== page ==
Yet uncompromising opposition from the right, coupled with Sánchez’s lack of conviction, soon led him to vacillate in a political no-man’s land: an unhinged radical for the right but a disappointment to his left-wing supporters. Podemos, meanwhile, has struggled to benefit after abandoning the populist style that made it successful, and is torn by internal struggles. Party leader Pablo Iglesias, who is on parental leave, suffers dismal approval ratings.
It was against this backdrop that the right achieved unprecedented success last December in Andalucía, where it ended 36 years of PSOE rule. But the new alliance may have already shown the limits of its electoral reach. Vox is not an anti-establishment force as much as a reactionary People’s Party offshoot. Its regressive politics – fusing hostility to immigrants and women with promised tax cuts for the top 1 per cent – holds little appeal for dissatisfied leftists.
More importantly, this reactionary project lacks a strategy beyond stoking conflict with Catalan nationalists. According to recent opinion polls, a majority of voters favour negotiation over the curtailing of the region’s government and the criminalisation of the pro-independence movement.
While the right has overestimated its strength, the elections in April may not yield a positive outcome for the left. With Sánchez presenting himself as a bulwark against the far right, the PSOE will likely grow at the expense of Podemos but still fail to secure an absolute majority with the latter. The party’s old guard will push for a centrist coalition with Citizens – a partnership facilitated by Sánchez’s break with the Catalan parties – which would be ill-suited to address the socio-economic challenges that have accrued over a decade of crisis and austerity. (Citizens, for the time being, would rather join a coalition with the far right than with the PSOE.)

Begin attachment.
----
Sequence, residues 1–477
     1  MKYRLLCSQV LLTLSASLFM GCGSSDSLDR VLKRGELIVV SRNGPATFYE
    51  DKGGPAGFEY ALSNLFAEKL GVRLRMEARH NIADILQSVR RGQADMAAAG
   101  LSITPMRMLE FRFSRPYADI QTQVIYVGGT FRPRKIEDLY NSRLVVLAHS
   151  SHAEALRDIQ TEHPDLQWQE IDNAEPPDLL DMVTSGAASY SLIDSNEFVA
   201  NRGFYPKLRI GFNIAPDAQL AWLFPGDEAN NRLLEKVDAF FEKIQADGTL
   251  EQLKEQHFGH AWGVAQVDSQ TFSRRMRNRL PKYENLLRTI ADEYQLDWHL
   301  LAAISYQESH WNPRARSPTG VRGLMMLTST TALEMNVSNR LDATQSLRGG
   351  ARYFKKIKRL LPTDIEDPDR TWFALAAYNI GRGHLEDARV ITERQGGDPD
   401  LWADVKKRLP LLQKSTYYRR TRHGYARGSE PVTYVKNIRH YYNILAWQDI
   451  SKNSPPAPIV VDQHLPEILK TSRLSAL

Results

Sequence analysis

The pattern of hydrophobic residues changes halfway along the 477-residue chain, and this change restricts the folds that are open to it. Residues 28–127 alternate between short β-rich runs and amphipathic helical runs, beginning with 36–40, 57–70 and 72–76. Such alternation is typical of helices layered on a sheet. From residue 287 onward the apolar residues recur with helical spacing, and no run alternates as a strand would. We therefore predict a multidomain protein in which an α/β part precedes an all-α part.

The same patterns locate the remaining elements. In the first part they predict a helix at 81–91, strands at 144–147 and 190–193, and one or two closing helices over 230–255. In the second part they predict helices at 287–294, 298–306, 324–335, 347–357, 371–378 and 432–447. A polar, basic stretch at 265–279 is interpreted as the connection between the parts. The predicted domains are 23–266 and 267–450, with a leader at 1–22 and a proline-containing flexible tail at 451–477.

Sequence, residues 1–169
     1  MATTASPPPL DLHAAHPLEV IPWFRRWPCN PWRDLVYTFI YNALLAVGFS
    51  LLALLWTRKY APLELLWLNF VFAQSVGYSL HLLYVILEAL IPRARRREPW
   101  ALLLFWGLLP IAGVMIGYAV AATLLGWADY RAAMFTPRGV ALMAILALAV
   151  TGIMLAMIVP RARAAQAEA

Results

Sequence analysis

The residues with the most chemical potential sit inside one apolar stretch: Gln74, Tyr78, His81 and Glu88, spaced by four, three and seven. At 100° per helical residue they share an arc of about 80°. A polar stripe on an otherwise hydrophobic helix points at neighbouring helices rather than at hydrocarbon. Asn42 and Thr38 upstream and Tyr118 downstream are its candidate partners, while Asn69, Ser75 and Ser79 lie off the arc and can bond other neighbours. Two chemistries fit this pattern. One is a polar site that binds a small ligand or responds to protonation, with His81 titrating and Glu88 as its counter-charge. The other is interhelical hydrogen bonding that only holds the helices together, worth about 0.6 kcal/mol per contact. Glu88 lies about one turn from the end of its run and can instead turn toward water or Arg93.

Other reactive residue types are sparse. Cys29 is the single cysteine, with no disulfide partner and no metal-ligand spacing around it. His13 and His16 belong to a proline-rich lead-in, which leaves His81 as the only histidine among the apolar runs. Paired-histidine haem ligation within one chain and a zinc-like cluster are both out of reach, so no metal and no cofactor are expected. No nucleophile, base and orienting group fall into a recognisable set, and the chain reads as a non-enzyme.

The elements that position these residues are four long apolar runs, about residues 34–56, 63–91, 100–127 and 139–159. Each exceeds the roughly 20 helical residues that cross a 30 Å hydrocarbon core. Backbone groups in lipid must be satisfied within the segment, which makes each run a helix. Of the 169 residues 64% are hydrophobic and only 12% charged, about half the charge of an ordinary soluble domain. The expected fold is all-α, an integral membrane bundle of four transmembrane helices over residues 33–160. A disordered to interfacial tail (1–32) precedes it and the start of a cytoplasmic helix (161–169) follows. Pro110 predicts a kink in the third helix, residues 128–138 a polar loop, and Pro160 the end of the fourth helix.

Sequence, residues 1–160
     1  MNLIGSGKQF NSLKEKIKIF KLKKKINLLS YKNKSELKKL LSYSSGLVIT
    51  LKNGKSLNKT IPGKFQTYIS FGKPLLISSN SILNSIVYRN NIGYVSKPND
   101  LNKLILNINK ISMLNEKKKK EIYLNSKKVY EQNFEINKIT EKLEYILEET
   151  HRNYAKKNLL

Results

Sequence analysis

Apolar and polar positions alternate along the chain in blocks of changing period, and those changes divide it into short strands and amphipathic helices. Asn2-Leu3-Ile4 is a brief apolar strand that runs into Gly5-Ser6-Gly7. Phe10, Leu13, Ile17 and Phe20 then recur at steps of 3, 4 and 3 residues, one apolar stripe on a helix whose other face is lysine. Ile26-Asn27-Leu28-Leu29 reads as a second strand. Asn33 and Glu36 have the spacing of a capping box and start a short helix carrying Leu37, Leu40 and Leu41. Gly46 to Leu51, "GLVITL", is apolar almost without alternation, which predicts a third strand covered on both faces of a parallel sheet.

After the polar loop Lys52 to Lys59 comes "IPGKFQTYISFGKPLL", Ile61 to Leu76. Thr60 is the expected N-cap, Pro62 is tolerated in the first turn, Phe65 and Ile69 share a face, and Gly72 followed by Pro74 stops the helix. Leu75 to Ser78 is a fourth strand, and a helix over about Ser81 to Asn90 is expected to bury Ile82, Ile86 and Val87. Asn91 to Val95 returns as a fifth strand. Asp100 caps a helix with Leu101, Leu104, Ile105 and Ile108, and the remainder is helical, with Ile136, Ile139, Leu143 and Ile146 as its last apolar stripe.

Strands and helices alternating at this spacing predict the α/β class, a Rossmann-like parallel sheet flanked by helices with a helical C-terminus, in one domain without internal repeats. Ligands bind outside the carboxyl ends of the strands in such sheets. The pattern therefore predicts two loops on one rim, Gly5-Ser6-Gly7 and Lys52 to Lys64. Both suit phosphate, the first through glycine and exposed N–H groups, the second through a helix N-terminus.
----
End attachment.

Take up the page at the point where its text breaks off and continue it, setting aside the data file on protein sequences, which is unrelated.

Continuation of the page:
Another conceivable outcome is a hung parliament and an eventual electoral repeat – a disquieting prospect since voters already rank politicians among Spain’s greatest problems, second only to unemployment (which stands at 14.5 per cent). As the late political scientist Peter Mair warned in his masterful book Ruling the Void, the erosion of traditional political structures across Europe enhances a social landscape of disaffection and anomie. The consolation is that, in such a volatile environment, subtle mood swings can upset the drift towards reaction.
The only viable option for progressives is to harness the “state of imaginations” unleashed last June. Between today and the election stands 8 March, the first anniversary of last year’s nationwide “feminist strike”, which five million female workers joined in protest at sexual discrimination, domestic violence and the pay gap.
If it achieves a comparable level of public backing, the left can still fight the campaign with confidence and mobilise support through the hope of a better future, rather than merely fear of the right. Whether Spain’s political leaders can sense and channel these impulses will determine the country’s fate.
Jorge Tamames is the managing editor of Política Exterior
This article appears in the 20 Feb 2019 issue of the New Statesman, The last days of Islamic State